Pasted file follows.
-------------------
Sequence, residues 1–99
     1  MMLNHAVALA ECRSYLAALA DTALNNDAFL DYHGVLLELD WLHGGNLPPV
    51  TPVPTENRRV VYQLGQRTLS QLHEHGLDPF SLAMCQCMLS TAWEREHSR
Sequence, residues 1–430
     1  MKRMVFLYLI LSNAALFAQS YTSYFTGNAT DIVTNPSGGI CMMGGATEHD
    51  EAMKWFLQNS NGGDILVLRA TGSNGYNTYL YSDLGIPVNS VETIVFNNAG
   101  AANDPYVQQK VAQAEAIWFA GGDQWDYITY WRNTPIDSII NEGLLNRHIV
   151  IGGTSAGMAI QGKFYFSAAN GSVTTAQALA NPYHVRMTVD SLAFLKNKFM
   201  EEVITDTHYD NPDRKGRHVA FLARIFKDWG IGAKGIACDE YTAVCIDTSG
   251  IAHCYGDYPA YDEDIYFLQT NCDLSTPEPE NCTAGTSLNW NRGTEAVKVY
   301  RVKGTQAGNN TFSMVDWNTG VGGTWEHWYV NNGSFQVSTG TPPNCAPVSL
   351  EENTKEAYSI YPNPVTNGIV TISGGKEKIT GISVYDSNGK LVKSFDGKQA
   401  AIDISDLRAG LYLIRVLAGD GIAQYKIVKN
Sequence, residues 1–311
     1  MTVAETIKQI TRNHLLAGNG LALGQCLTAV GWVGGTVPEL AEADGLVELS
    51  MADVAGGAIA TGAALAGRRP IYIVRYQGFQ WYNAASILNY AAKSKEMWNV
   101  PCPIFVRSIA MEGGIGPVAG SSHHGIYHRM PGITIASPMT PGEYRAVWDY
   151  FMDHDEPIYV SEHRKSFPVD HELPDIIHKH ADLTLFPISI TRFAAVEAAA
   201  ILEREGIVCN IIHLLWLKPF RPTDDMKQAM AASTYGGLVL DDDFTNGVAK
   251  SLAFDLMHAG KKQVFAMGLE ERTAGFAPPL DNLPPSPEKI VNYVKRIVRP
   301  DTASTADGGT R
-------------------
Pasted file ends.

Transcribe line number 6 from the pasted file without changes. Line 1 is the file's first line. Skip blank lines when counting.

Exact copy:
    51  EAMKWFLQNS NGGDILVLRA TGSNGYNTYL YSDLGIPVNS VETIVFNNAG